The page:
A Tale of Two Kings

The only legacy of Rodney and Martin Luther King: If we don’t get our way, we riot

On the eve of his death, Martin Luther King would give a strange speech that has come to be known as “I’ve Been to the Mountaintop.” After asking a hypothetical question – about which age of man he’d like to live (Egypt, Greece, Rome, Prussia during the time of the real Martin Luther, the Renaissance), he proceeds to answer it thus:

Strangely enough, I would turn to the Almighty, and say, “If you allow me to live just a few years in the second half of the 20th century, I will be happy.”

Now that’s a strange statement to make, because the world is all messed up. The nation is sick. Trouble is in the land; confusion all around. That’s a strange statement. But I know, somehow, that only when it is dark enough can you see the stars. And I see God working in this period of the twentieth century in a way that men, in some strange way, are responding.

Something is happening in our world. The masses of people are rising up. And wherever they are assembled today, whether they are in Johannesburg, South Africa; Nairobi, Kenya; Accra, Ghana; New York City; Atlanta, Georgia; Jackson, Mississippi; or Memphis, Tennessee — the cry is always the same: “We want to be free.”

Lost in the annals of time is that he also would call for a boycott of Coca-Cola in this same speech (“Now, if you are not prepared to do that, we do have an agenda that we must follow. And our agenda calls for withdrawing economic support from you. And so, as a result of this, we are asking you tonight, to go out and tell your neighbors not to buy Coca-Cola in Memphis.”), a company whose President – Robert Woodruff – had already gone on all in on the Civil Rights movement and integration, bending over backwards to placate Black people (and forcing – coercing – the white business community of Atlanta to do the same).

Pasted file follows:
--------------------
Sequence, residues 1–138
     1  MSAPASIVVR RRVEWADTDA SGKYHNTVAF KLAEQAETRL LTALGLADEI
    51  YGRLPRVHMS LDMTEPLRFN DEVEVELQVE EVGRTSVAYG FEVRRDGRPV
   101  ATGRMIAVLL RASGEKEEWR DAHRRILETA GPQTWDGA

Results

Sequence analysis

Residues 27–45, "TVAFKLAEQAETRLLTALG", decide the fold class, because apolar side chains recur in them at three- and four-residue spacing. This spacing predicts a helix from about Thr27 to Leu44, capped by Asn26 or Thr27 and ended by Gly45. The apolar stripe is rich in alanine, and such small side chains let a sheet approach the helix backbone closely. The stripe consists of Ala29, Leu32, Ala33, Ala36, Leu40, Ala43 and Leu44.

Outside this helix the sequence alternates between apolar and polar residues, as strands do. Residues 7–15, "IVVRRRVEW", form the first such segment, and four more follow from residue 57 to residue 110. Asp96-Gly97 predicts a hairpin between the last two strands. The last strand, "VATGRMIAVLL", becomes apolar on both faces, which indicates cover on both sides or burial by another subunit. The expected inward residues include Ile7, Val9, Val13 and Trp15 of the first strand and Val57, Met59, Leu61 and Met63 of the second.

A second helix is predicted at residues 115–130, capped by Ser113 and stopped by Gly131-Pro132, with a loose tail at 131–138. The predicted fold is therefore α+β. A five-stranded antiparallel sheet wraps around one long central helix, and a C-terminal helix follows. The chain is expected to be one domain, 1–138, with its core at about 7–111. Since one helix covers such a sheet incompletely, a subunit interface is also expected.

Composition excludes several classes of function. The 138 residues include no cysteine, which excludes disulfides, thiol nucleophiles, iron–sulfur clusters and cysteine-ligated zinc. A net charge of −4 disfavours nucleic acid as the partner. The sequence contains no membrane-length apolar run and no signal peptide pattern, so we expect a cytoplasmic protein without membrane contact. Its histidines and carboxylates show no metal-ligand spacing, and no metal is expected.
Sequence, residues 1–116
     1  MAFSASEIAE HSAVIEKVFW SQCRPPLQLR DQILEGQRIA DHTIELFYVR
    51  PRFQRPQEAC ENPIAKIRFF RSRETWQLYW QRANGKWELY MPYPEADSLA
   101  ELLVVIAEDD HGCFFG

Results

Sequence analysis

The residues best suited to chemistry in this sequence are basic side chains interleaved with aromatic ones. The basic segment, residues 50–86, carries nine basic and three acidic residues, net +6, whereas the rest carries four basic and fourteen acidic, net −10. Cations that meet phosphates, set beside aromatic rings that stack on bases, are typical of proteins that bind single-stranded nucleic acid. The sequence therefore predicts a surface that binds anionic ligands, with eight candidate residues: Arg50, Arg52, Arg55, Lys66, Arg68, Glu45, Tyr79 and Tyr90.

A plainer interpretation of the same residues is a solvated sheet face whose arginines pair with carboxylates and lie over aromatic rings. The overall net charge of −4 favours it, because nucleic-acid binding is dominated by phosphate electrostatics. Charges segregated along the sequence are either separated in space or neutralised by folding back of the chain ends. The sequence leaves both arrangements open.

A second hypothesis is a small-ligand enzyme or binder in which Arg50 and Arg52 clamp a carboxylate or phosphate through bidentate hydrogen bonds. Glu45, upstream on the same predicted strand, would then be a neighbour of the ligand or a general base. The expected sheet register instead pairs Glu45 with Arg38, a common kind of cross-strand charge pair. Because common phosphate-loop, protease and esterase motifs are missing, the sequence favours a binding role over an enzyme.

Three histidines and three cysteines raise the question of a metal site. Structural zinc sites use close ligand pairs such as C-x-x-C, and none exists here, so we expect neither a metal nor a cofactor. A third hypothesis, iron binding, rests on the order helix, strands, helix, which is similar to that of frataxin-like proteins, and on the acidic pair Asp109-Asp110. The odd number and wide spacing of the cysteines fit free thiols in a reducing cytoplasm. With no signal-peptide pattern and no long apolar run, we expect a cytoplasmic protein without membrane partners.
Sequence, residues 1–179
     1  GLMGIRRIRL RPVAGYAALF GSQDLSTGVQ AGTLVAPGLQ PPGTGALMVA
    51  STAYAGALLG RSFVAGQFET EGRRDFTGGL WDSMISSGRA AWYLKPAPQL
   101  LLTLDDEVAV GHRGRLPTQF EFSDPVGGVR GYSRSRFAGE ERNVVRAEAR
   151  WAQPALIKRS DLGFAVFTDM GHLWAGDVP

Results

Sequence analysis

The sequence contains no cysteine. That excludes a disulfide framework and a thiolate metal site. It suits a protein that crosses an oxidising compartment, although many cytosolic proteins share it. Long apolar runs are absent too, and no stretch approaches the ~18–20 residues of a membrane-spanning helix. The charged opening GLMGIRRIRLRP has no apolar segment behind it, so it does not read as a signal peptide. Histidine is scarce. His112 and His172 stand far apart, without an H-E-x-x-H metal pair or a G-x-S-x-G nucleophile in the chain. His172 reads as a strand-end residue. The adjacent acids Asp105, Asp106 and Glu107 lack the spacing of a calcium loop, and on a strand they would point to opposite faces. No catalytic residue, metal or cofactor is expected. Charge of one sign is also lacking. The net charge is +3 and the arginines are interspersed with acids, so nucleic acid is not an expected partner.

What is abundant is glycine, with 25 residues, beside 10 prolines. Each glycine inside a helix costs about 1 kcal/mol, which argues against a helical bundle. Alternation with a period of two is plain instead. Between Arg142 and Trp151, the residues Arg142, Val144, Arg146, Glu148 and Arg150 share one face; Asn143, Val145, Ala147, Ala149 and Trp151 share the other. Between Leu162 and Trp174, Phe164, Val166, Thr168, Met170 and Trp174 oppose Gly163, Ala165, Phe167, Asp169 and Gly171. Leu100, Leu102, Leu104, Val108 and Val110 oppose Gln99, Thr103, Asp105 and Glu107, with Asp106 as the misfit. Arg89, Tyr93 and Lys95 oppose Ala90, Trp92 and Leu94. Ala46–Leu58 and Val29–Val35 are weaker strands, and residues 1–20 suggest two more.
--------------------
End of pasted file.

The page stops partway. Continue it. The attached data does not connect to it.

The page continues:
But that wasn’t enough in the eyes of King (interestingly, Jesse Jackson was present at the speech and would shakedown Coke only 12 years later).

But the question posed by King is worth thinking about: what age would you want to live in? Like the late actor Patrick Swayze, I’ve long thought that being a Confederate officer fighting for an actual cause would have been an excellent time period to live – and ultimately die – in.

It’s funny to think that King would have wanted to live in the second half of the 20th century, one that would provide conclusive proof and mounds of empirical evidence that his dream should be rejected as the rantings of an individual bent on the total annihilation of Western civilization (the more obvious the reality of racial differences become, the more censored public discussion about how policy should be crafted in light of these facts — isn’t that a slight variation of Lawrence Auster’s First rule?). One need only look at post-apartheid South Africa, the sorrowful condition of majority Black Memphis, or the Atlanta Public Schools fiasco of 2011 to understand that the dream is nothing more than… a nightmare.

Today, a man whose inability to cooperate with the police in Los Angeles sparked a devastating riot back in 1992 has passed on. At 47-years-old, Rodney King is no longer with us, drowning at the bottom of a swimming pool. TMZ reports:

UPDATE 9:27 AM PT — According to our sources, King’s fiancée is telling friends King had been drinking and smoked weed in the hours before his death.

Rodney King — the man who was at the center of the infamous Los Angeles riots — was found dead this morning in Rialito, CA. He was 47.

According to our sources, King’s fiancée found him dead at the bottom of a pool.

Law enforcement sources tell TMZ they responded to a call at 5:25 AM PT. We’re told they physically removed King from the pool and attempted CPR.

Our sources say he was pronounced dead at 6:11 AM.

Law enforcement sources say Rialto PD will open a drowning investigation, but so far there are no signs of foul play.

Reginald Denny knows the answer of the question King famously asked while the City of Angels burned: “No, we can’t all just get along.”

This age will end; the tyranny of Black-Run America (BRA) will be broken; and our posterity will learn of two Black men named King, who both lived in the second part of the 20th century — but whose lives never crossed paths.

They lived (and thrived) during a time period when it was espoused by Disingenuous White Liberals (DWL) in the media/entertainment, academia, and by the government that white people owed an eternal debt to the Blacks, one that could virtually never be repaid — see The Kerner Report.

In that strange speech given the night before he was murdered, King said, “the cry is always the same: “We want to be free.”

It is in the life of Rodney King that we are provided with the ultimate lesson the Civil Rights-era can provide: Freedom Failed. 



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